Fact or fiction?

With so many people turning to a healthy eating lifestyle to ease the symptoms of processed food, there is a proliferation of magazine articles giving you the lowdown in a nutshell. All this information can be confusing and misleading if you are not informed sufficiently. There comes a point where you wonder whether any of it makes sense. We are told that there is a Recommended Daily Allowance of various vitamins and minerals for optimum health. How did this become known? I have always wondered how the Inuits fit into this picture; they exist on blubber and meat, with nary a leafy green in sight. If they moved and became vegetarians, having become sick of all this slaughter and longing for a salad, how would their bodies react to this change of diet? Do they have different enzymes or liver functions? I would love to know.
I came across some examples of food sources to alleviate the symptoms caused by deficiency of certain vitamins and minerals which made for interesting reading:
Bloodshot eyes: Vitamin B: 400g tinned tuna (if the vitamin deficiency doesn’t get you, the mercury will); 4 avocado pears (the fat will pile on before your very eyes); 45 walnuts (your wallet will be empty); 5 tablespoons Parmesan cheese (ditto). I would suggest an early night and less partying.
Muscle cramps: Magnesium: 9.5 tablespoons bran (don’t venture too far away from the bathroom); 11 slices wholewheat bread (!); 9 bananas (you’ll soon be swinging from the trees); 22 Brazil nuts (unfortunately you will suffer from a severe overdose of selenium). Note: if you eat dairy products or any other calcium-rich foods, the calcium will nullify the magnesium, so all your efforts will be for nought. Who ever tells you that?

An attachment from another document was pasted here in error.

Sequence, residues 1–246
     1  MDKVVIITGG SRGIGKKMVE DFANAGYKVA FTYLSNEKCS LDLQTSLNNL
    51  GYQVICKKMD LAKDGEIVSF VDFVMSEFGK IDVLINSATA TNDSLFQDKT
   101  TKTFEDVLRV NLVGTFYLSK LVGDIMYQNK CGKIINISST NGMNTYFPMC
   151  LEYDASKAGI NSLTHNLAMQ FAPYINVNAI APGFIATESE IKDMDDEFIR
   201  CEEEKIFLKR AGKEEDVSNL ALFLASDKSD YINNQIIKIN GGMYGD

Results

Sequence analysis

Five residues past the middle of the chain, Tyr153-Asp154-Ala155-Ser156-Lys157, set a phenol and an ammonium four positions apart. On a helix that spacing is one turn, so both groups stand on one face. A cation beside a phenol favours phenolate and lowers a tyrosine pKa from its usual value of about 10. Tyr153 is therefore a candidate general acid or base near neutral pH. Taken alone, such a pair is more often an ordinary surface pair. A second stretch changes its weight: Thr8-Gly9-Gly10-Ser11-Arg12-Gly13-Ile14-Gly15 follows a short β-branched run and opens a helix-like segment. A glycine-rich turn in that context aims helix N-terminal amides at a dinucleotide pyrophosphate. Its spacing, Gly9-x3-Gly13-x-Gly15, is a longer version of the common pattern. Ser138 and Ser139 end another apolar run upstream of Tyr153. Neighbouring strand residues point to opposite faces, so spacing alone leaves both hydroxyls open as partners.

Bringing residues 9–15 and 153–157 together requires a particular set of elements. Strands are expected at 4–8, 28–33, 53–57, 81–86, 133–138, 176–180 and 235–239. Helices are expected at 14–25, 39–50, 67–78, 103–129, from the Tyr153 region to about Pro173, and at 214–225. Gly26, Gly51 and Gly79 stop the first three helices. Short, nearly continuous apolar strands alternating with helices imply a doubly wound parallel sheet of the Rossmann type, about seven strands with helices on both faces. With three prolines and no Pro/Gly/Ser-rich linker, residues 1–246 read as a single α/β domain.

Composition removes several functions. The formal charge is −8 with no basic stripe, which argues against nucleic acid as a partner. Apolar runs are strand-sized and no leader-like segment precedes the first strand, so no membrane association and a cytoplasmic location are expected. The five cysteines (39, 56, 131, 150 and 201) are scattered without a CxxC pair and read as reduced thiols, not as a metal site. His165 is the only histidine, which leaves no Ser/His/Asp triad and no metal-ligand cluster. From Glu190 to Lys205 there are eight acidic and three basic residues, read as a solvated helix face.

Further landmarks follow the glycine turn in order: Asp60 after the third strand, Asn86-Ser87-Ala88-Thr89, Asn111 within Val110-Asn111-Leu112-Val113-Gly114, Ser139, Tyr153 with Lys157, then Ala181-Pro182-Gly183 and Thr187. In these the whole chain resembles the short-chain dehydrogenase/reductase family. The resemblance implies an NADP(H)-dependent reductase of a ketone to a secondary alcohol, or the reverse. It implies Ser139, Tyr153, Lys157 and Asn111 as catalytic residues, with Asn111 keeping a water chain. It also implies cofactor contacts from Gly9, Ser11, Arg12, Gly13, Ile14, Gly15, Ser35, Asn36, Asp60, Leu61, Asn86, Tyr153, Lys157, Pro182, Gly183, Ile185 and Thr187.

Pins and needles: Potassium: 9 bananas (see above); 31 dried apricots (could lead to rumblin’ tum); 3 baked potatoes (could cause bloating).
Cold hands and feet: Selenium: 2 Brazil nuts – highly recommended every day for healthy thyroid function and hence metabolism.
Lethargy: Iron: Apart from red meat, the following: 17 dried figs; 51 dried apricots; 12 boiled eggs. The figs will sort out the constipation from excess iron! Note: don’t drink tea with this – the tannin inhibits iron absorption. Again, who would know that? And despite what Popeye has taught us, spinach is not the ideal source of iron as it is not in an easily metabolisable (?) form.
So as you can see, you need a great deal of nutritional knowledge to make informed choices. That is obviously why fast foods are so popular – no nutrition involved, so no decisions to be made!

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